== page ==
Most aspiring surrogates are motivated by altruism. Their primary goal is helping others create or grow their own families. Even with these motives, compensation remains a strong consideration among many would-be surrogates. It is normal to compare benefits and compensation from agency to agency as you look for the best fit for you. What you’re likely to find is that comparing benefits isn’t as straightforward as you might think.
Growing Generations is quite proud of our competitive benefits package. We’re also incredibly proud of being one of the only agencies to share their complete benefits package with everyone who requests it, without any commitment or obligation.
While we can’t speak for other agencies, here’s a breakdown of what to expect when you review our benefits package. Continue reading →
I learned about egg donation after a friend of mine told me about her experience being an egg donor. It sounded neat, but I didn’t think about doing it seriously until after I had a child of my own. After starting my own family, I felt I could relate better to those who want their own families. After experiencing the feelings of joy from starting a family, and hearing the good experience my friend had, everything just clicked and I knew I wanted to be a donor.
Honestly, the hardest part was gathering the courage to finally just do it! My husband Continue reading →
Part of your many traditional surrogate benefits packages includes a monthly “allowance.” For most agencies, this begins once you are issued legal clearance and concludes six weeks after the birth of a surrogate child.
You’ve just had your first ultrasound and everything looks great. In fact, it looks perfect. Your surrogate has just been confirmed with two heartbeats. Twins. Two babies. You’re over the moon. But everyone is telling you to calm down, and not start buying everything in duplicate just yet. What gives?
The reason behind the apprehension is simple. The unfortunate reality is that, Continue reading →
The Centers for Disease Control (CDC) says that in 2015, an estimated 6.7 million women aged 15-44 experienced some level of impaired fertility. That’s just over 10% of women in the sampled demographic. Of that, an estimated 6% of women are deemed fully infertile.
Despite the common misconception that infertility is a rare condition that impacts only women, and only due to age, infertility is a problem that causes pain to many families in the United States. Chances are quite high that someone you know is included in these numbers. Continue reading →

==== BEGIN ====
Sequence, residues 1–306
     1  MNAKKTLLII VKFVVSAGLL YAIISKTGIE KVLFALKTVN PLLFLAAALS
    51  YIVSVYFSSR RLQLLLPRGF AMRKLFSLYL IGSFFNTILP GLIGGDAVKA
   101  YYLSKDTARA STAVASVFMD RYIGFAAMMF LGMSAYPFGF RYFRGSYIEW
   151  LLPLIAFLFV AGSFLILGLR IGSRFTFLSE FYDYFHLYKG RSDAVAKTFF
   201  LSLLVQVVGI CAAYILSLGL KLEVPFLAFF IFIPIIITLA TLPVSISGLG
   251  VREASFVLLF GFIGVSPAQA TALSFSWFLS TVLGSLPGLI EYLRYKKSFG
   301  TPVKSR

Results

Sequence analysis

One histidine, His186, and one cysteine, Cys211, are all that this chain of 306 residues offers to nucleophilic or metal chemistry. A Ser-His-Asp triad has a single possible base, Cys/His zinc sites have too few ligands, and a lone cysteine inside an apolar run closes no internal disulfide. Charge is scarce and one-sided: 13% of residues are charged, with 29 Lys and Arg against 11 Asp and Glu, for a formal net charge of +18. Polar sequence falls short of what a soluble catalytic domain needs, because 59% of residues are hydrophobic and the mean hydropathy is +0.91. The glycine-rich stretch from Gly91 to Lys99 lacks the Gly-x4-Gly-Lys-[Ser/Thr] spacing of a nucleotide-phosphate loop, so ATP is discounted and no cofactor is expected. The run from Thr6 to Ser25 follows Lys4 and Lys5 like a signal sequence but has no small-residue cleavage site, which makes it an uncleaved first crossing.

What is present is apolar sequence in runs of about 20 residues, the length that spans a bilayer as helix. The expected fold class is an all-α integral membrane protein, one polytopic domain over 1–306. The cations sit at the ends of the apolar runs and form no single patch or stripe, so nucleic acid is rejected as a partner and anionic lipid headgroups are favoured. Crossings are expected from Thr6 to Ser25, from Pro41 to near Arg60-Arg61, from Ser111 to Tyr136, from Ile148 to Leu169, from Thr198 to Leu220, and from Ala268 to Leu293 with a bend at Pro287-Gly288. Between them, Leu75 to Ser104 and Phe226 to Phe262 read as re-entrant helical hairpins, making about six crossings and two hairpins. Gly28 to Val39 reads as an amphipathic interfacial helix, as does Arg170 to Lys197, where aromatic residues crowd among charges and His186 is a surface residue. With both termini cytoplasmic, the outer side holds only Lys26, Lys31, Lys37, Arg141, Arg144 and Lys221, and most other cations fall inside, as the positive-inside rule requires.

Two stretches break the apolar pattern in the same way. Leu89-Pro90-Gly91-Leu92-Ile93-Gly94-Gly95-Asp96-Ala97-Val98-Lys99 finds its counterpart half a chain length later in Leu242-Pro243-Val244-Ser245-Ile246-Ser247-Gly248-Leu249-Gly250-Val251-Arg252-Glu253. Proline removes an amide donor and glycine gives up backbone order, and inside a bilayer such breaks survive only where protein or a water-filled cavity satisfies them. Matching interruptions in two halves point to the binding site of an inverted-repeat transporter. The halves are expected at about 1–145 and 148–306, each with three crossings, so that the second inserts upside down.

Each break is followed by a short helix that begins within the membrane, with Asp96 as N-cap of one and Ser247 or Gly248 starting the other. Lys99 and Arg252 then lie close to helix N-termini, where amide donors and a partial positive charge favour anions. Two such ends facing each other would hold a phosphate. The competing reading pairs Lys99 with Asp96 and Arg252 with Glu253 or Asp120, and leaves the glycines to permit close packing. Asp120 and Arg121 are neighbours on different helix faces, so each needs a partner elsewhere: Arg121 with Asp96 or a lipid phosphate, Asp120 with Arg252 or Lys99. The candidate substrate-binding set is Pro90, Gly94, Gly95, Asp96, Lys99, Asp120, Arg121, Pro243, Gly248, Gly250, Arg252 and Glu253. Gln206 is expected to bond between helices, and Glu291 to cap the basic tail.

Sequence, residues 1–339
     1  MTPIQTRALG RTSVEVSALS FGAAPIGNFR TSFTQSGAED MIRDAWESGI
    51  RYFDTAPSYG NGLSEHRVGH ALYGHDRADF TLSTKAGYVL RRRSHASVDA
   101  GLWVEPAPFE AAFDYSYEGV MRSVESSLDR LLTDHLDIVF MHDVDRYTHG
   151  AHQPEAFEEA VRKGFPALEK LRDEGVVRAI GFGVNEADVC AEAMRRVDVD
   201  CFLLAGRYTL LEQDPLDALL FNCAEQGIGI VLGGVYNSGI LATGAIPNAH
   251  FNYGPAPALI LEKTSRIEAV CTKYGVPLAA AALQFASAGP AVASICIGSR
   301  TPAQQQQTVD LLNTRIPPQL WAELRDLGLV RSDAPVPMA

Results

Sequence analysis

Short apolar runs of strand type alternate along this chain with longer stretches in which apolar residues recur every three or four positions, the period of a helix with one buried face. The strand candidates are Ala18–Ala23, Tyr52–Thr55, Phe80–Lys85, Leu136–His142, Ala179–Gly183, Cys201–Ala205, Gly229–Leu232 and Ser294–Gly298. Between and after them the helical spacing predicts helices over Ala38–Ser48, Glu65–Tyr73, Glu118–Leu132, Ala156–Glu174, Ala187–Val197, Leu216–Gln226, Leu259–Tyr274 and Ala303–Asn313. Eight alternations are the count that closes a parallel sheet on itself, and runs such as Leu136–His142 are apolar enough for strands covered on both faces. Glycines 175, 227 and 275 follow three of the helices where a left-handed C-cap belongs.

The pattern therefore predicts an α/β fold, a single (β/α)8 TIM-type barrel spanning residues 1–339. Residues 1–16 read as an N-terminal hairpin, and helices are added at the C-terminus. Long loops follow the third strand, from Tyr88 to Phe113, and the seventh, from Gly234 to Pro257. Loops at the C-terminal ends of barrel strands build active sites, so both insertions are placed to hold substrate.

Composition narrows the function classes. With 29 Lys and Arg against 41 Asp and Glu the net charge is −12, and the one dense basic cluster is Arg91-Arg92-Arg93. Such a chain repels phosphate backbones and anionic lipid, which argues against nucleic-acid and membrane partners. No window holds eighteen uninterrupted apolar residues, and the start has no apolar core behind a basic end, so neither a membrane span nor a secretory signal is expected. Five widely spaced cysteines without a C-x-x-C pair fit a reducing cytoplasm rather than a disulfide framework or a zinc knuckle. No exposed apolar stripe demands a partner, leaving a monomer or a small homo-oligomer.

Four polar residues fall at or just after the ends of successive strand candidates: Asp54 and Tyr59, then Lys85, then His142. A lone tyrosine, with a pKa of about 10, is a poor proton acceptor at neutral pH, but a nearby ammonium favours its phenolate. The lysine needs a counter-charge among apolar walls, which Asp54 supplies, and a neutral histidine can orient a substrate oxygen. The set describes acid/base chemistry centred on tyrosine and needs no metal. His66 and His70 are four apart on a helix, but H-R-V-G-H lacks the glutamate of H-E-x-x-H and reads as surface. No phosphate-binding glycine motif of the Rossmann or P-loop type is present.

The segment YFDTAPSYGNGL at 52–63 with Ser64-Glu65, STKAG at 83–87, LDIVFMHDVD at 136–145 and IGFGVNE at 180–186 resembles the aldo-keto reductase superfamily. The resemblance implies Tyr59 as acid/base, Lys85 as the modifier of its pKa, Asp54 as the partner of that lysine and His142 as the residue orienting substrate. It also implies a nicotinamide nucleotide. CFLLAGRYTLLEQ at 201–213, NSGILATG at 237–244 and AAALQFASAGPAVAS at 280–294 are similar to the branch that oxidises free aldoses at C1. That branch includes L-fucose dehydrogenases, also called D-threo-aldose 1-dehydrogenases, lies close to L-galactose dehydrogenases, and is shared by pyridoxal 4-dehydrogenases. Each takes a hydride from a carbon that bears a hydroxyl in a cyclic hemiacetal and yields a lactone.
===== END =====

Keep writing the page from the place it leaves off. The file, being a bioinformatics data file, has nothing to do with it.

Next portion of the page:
You will be entitled to reimbursement for a variety of things during your surrogacy journey. While the entire reimbursement process and covered expenses are outlined in your financial handbook, here is a basic break down of the process for quick reference.
Growing Generations takes great pride in operating with the highest ethical standards possible. It is our goal to ensure that you understand every step of your process and that the only surprises you encounter are happy ones. As a result, we are exceedingly proud to be one of the only surrogacy agencies to share information from our compensation package online, and are happy to answer any questions you may have at any stage of your journey. Continue reading →
The need for a surrogate in a male-male coupling is obvious. The necessity for a surrogate when an intended mother is in the equation is less clear. There are many reasons an intended mother may need the assistance of a surrogate to complete her family. Many of these reasons are deeply personal and rarely discussed openly due to their sensitive nature. One potential reason a woman may need a surrogate is if she is a cancer survivor.
Cancer can most obviously attack a woman’s fertility if the tumors are effecting her reproductive organs directly. Continue reading →
Your surrogate will be on a closely monitored medical protocol for a long time. Beginning roughly a month before your embryo transfer, and lasting many weeks into a confirmed pregnancy, it can feel like she’s taking medications endlessly. We understand that there is some peace of mind that comes with the announcement that she has been released from medications, and that the moment you receive that message is highly anticipated.
In most basic terms, this announcement signifies that doctors believe her body is able to sustain the pregnancy on its own without medical intervention. And that is a really good feeling for any intended parent.
As an egg donor you may find yourself wondering how your eggs will be parented by those who receive them. While most egg donors tell us they don’t feel a maternal attachment to their donated genetics, it’s not unheard of to wonder if the lack of a biological link between child and parent will impact their lives moving forward.
The answer is fairly simple. The lack of a genetic link between parent and child will not play a role in the life of your donated genetics moving forward. Continue reading →